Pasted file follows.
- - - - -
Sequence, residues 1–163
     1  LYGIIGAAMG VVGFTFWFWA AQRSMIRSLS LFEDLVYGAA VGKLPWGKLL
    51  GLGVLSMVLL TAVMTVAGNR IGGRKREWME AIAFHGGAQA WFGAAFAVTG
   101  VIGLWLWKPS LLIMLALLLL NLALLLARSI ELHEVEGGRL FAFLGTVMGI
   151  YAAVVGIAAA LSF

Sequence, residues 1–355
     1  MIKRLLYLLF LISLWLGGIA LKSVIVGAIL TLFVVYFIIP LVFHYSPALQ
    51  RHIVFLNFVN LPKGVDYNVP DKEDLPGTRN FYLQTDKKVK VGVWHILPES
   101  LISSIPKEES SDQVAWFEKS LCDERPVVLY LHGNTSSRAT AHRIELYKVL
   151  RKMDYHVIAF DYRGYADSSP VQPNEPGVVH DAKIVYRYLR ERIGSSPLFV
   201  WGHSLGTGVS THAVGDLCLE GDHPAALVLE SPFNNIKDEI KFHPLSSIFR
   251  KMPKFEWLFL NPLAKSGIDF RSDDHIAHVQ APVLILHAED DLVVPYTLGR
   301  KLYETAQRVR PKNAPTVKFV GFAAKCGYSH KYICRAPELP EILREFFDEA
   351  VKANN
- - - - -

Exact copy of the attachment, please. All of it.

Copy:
Sequence, residues 1–163
     1  LYGIIGAAMG VVGFTFWFWA AQRSMIRSLS LFEDLVYGAA VGKLPWGKLL
    51  GLGVLSMVLL TAVMTVAGNR IGGRKREWME AIAFHGGAQA WFGAAFAVTG
   101  VIGLWLWKPS LLIMLALLLL NLALLLARSI ELHEVEGGRL FAFLGTVMGI
   151  YAAVVGIAAA LSF

Sequence, residues 1–355
     1  MIKRLLYLLF LISLWLGGIA LKSVIVGAIL TLFVVYFIIP LVFHYSPALQ
    51  RHIVFLNFVN LPKGVDYNVP DKEDLPGTRN FYLQTDKKVK VGVWHILPES
   101  LISSIPKEES SDQVAWFEKS LCDERPVVLY LHGNTSSRAT AHRIELYKVL
   151  RKMDYHVIAF DYRGYADSSP VQPNEPGVVH DAKIVYRYLR ERIGSSPLFV
   201  WGHSLGTGVS THAVGDLCLE GDHPAALVLE SPFNNIKDEI KFHPLSSIFR
   251  KMPKFEWLFL NPLAKSGIDF RSDDHIAHVQ APVLILHAED DLVVPYTLGR
   301  KLYETAQRVR PKNAPTVKFV GFAAKCGYSH KYICRAPELP EILREFFDEA
   351  VKANN